To control for differences in type and duration of treatment between the 2 racial groups, time-dependent covariates for both US Food and Drug Administration–approved and non–Food and Drug Administration–approved therapies that are commonly used to treat MS were constructed. Time-dependent covariates account for the actual periods during which therapy was received, changes in the class of therapy, and intervals during which subjects were not taking disease-modifying treatments. Four treatment groups were defined: interferon beta, glatiramer acetate, cytotoxic, and other. The interferon beta category included treatment with any of the interferon preparations (interferon beta-1b and the 2 interferon beta-1a products). Similarly, the cytotoxic group included any cytotoxic agent (eg, mitoxantrone, cyclophosphamide, azathioprine, methotrexate, or cladribine). The other category included monthly pulse-dosed glucocorticoids, intravenous immunoglobulin, and experimental protocols. Treatments that were administered to patients for less than 2 months were not considered to be of sufficient duration to alter the course of the disease and were not included.
The clinical characteristics of the cohort are summarized in Table 1. African Americans had an older age at onset, experienced greater disability, were at increased risk for secondary progressive MS, experienced transverse myelitis more often, were more likely to have motor symptoms at onset, and were more likely to have the opticospinal disease subtype. These substantial differences in disease expression between African American and white patients afford the opportunity to investigate the role of genetic factors in driving these MS phenotypes.
The proportion of subjects with relapsing-remitting MS vs secondary progressive MS in African American and white patients remained statistically significant after Bonferroni correction (P = .005). No other comparisons of disease course with ethnicity retained statistical significance. African Americans have a more disabling disease with a higher average MSSS compared with white individuals. Survival analysis was used to further explore the influence of ethnicity on the major disability milestone: the time at which individuals require a cane to ambulate (EDSS score = 6). The hazard ratio shows that African Americans have an approximately 2-fold increased risk of requiring a cane to ambulate relative to white patients with MS. Anti–aquaporin 4 seropositivity was assessed in the subset of patients who had either opticospinal MS or recurrent transverse myelitis (71 white and 128 African American patients). A sensitivity analysis excluding all subjects with progressive disease found similar results with regard to disability, age at onset, and motor symptoms at onset.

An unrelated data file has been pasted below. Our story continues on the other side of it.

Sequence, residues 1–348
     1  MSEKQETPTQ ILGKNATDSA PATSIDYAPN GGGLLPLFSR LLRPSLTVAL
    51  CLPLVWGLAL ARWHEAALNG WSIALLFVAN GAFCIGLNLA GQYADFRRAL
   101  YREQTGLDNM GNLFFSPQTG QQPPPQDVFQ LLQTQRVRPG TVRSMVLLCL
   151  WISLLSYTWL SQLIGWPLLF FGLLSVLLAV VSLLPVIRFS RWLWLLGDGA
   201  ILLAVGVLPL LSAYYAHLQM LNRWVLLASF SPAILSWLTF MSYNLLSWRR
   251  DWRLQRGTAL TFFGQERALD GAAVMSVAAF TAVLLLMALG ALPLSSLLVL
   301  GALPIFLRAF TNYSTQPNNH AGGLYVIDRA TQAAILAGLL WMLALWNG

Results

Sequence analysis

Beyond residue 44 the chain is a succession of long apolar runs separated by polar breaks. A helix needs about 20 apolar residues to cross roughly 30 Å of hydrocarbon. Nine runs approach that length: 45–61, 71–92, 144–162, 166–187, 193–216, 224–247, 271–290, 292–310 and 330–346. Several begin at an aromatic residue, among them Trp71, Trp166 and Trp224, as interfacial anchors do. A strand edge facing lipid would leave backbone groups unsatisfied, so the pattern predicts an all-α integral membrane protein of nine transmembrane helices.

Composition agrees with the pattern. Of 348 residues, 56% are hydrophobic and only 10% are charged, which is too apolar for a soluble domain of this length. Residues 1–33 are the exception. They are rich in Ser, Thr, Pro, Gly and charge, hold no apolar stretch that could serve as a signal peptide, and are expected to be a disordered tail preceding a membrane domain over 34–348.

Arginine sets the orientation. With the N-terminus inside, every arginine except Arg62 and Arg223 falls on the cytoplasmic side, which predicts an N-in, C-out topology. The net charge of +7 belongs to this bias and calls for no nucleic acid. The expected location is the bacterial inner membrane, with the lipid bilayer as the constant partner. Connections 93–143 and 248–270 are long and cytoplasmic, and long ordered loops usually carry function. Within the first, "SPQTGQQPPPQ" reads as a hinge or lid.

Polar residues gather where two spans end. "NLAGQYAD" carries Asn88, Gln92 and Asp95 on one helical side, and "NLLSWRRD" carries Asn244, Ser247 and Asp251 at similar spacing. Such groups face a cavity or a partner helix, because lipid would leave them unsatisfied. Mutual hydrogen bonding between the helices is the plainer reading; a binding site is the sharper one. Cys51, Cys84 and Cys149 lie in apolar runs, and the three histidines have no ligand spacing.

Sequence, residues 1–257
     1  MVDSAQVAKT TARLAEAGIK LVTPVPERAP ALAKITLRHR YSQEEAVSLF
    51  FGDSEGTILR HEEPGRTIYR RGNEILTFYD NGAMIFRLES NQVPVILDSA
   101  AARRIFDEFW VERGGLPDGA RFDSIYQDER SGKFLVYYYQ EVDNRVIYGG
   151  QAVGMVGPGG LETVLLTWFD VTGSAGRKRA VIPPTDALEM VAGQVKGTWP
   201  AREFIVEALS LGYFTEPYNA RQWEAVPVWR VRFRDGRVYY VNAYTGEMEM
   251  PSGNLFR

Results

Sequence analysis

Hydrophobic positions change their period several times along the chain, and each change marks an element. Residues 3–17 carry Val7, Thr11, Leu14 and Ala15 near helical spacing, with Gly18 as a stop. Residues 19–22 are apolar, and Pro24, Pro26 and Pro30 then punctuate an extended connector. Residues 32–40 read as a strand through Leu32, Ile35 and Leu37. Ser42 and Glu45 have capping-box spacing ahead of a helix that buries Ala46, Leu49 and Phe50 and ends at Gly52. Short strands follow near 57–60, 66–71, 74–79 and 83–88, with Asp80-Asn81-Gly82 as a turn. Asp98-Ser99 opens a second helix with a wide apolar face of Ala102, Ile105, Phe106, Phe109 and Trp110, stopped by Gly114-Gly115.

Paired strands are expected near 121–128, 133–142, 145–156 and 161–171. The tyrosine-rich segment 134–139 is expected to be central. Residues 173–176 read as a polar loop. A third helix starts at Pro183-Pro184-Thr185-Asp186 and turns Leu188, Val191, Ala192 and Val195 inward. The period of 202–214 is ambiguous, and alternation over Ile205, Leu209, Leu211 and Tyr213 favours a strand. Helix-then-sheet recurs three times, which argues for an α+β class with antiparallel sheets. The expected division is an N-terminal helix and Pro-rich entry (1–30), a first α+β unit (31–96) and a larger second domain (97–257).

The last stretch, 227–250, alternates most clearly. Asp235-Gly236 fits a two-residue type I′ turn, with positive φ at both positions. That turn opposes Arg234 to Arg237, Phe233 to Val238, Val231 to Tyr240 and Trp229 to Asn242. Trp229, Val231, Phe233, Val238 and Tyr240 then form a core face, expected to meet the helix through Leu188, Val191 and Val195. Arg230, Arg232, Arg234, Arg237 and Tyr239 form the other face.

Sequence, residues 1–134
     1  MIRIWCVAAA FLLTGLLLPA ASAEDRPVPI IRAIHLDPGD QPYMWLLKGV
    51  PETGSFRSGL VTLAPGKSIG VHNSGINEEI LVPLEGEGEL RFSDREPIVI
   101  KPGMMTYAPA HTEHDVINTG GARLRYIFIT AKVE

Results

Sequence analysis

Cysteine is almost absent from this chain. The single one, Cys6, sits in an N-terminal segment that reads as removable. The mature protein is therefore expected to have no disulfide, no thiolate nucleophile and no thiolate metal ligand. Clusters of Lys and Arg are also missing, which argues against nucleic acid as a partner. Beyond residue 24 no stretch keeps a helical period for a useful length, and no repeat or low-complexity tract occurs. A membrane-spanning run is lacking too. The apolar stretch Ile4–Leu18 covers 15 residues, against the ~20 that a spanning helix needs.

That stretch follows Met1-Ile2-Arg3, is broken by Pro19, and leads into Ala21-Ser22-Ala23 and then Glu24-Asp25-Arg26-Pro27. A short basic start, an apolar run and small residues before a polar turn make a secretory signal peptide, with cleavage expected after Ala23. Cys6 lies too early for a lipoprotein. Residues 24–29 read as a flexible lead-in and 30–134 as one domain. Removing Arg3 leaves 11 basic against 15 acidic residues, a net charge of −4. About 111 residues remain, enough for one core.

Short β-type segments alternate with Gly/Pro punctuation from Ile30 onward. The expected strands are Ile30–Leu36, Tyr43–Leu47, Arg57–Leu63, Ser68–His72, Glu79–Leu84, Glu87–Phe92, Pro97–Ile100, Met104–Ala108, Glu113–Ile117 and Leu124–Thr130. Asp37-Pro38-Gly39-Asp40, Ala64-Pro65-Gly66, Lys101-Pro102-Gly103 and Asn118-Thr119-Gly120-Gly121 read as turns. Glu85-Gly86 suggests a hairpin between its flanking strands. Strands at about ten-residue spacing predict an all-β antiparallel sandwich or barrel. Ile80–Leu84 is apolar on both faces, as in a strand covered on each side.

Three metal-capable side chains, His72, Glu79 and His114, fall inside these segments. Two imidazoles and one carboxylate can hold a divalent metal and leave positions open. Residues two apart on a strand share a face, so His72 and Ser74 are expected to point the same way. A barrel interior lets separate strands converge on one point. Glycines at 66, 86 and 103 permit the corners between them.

Differences in socioeconomic status affect access to health care and could confound an analysis of disease severity. Adjustments for differences in socioeconomic status were not made for this cohort because this information was not available; however, access to health care was investigated through several surrogate indices.3 First, all patients received care through neurological clinics. Second, the time from disease onset to diagnosis was similar for African American and white patients. This is a surrogate marker for access to health care because lack of access to care would potentially delay the time from disease onset to diagnosis. Third, the time from diagnosis to initiation of disease-modifying therapies was the same between these groups. Fourth, the type and duration of treatment was rigorously controlled for using time-dependent covariates in the survival analysis; no significant differences were found between the 2 groups. Thus, both African American and white patients received similar care in terms of receiving a timely diagnosis and disease-modifying treatment. Nevertheless, the analysis of disease severity may be confounded by the consequences of other presumed differences in socioeconomic status, ascertainment bias, or other environmental factors for which we were unable to control.
More than half of white patients (53.3%) had at least 1 copy of the DRB1*15 haplotype. The corresponding frequency in unaffected white controls was 16.0%. In contrast, 37.6% of African Americans with MS had at least 1 copy of DRB1*15; 10.3% of African Americans carried DRB1*1501, and 27.3% carried DRB1*1503, the uniquely African MS susceptibility allele.15 In unaffected African American controls, the corresponding frequency for DRB1*15 alleles was 14.7% (4.4% for DRB1*1501 and 10.3% for DRB1*1503). These results confirm that African American and white patients with MS are enriched for DRB1*15 haplotypes and that both DRB1*1501 and DRB1*1503 alleles contribute to this association in African Americans.